The new video iPod is not only a lauded status symbol, but also the ultimate symbol for how there in recent years has been a reformation in the multinational media conglomerations’ strategy for getting consumers to exclusively download conventional content. With the new iPod, hardware controls the selection of media content in subtle ways, argues Jonas Andersson, media researcher at Goldsmiths College in London.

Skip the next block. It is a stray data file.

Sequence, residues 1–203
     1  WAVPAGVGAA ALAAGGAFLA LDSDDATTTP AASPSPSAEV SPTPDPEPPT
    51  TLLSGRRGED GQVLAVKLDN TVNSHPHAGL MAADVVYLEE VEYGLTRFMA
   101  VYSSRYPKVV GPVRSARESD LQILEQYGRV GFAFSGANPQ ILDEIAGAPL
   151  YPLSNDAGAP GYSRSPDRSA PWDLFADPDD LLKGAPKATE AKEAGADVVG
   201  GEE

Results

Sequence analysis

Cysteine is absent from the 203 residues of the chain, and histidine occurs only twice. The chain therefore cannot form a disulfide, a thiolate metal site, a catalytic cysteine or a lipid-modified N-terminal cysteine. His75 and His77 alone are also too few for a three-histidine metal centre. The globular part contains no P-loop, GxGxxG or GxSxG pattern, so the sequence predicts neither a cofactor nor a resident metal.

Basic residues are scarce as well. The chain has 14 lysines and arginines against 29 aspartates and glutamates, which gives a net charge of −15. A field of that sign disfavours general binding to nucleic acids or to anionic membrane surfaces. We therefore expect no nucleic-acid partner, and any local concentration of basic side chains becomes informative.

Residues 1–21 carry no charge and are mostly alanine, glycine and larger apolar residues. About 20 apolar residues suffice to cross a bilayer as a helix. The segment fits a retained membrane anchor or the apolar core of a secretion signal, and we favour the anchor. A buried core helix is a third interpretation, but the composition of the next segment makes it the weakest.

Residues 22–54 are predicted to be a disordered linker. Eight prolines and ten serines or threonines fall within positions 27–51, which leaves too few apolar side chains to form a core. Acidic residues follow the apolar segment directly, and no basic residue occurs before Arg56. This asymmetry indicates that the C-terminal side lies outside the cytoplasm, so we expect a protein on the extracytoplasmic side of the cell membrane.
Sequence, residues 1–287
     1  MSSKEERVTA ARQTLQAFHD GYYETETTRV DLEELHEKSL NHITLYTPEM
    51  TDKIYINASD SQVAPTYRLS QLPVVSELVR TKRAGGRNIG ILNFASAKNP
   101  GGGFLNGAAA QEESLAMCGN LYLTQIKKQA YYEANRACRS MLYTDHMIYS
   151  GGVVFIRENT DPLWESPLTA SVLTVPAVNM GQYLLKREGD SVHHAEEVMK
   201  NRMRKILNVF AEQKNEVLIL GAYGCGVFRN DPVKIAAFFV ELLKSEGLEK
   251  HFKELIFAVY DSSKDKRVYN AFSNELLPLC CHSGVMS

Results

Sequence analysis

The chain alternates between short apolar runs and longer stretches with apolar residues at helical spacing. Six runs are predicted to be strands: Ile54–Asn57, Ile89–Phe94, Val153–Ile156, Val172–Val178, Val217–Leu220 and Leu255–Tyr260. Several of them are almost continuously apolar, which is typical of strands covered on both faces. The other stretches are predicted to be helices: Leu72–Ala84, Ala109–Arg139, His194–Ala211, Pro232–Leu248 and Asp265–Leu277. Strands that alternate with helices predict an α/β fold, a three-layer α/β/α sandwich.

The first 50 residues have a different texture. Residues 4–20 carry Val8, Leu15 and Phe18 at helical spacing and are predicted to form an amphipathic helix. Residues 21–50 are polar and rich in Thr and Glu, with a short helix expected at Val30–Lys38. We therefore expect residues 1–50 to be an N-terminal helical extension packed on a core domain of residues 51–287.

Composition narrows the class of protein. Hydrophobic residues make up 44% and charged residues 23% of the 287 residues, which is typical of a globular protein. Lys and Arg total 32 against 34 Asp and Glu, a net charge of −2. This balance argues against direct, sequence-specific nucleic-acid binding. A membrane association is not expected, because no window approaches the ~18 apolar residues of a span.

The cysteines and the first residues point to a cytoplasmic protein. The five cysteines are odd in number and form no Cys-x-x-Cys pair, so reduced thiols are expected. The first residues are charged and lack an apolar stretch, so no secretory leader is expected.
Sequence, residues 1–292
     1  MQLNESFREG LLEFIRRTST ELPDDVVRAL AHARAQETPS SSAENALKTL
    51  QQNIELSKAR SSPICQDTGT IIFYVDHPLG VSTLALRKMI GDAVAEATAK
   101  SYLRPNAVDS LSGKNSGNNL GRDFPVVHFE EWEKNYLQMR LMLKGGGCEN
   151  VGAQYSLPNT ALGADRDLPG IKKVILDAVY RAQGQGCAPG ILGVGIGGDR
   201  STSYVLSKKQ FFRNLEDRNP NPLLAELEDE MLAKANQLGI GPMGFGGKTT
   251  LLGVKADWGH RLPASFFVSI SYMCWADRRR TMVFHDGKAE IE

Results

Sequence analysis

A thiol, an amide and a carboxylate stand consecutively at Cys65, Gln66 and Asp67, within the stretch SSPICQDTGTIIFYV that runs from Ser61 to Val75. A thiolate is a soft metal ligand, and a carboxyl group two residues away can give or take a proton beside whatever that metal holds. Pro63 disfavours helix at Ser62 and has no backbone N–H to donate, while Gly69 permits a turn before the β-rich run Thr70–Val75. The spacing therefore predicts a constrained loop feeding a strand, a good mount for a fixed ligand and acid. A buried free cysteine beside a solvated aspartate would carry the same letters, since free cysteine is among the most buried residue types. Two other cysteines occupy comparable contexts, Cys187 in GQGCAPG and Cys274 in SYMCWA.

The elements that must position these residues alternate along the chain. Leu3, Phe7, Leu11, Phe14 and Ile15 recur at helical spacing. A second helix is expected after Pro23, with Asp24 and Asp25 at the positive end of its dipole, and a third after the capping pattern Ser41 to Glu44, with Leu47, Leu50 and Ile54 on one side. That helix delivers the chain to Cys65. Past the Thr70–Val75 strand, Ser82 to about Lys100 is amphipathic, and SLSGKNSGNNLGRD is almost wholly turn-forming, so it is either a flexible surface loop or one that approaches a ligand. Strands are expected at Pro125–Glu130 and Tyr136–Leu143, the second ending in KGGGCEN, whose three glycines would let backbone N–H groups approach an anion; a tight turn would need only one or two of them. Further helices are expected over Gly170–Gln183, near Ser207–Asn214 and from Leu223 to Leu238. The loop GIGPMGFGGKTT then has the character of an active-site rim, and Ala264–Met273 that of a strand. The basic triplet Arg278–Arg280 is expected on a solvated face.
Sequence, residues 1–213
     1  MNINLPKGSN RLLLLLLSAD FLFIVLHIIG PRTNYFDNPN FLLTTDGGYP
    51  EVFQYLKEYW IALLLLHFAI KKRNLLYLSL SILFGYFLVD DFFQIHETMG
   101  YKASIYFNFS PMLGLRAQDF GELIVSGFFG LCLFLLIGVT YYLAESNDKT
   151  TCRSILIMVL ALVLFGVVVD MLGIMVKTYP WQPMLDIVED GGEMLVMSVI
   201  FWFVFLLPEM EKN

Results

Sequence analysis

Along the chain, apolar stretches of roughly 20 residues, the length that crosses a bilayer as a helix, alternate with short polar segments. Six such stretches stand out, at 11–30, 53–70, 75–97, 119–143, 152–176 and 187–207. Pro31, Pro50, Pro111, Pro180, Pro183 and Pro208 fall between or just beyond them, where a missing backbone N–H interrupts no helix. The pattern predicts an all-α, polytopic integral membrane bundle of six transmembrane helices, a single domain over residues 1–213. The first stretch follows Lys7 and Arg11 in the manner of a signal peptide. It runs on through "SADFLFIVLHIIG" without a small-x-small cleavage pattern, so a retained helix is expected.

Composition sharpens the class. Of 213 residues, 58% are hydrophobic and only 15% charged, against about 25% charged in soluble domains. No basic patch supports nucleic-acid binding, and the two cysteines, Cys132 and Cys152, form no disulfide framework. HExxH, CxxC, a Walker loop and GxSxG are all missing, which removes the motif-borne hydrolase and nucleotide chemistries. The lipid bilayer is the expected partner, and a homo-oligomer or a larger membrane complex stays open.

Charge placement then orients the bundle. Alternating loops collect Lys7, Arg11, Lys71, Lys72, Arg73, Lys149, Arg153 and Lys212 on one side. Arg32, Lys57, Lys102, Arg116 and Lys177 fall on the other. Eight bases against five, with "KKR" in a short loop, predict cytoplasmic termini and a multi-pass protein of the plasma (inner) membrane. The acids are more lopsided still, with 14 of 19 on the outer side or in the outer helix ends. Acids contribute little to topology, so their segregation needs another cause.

The new version of the Apple iPod is radically different from its predecessors in that it facilitates video playback. On today’s semi-legal and illegal file-sharing networks, video files are as commonplace as music files, and Apple has obviously responded to this fact in the design of this widely appraised entertainment appliance. As a result, the iPod video capacity is directly limited to two digital formats: MPEG-4 and Apple’s own, recently launched H.264. They do not support for example the DivX format which is a common one for illegally downloaded, so called “ripped” files. To watch your own holiday movies, or digitally recorded TV programs, or free, illegally downloaded films, these need to be converted into one of the two aforementioned formats – a time-consuming, complicated procedure. This can be done through Apple’s Quicktime video software, but the process does not make it less cumbersome to install, transfer and watch non-commercial material, compared to that which is offered through the proprietary iTunes online store. (See here for a fierce critique of the iTunes concept.) Read the rest of this entry »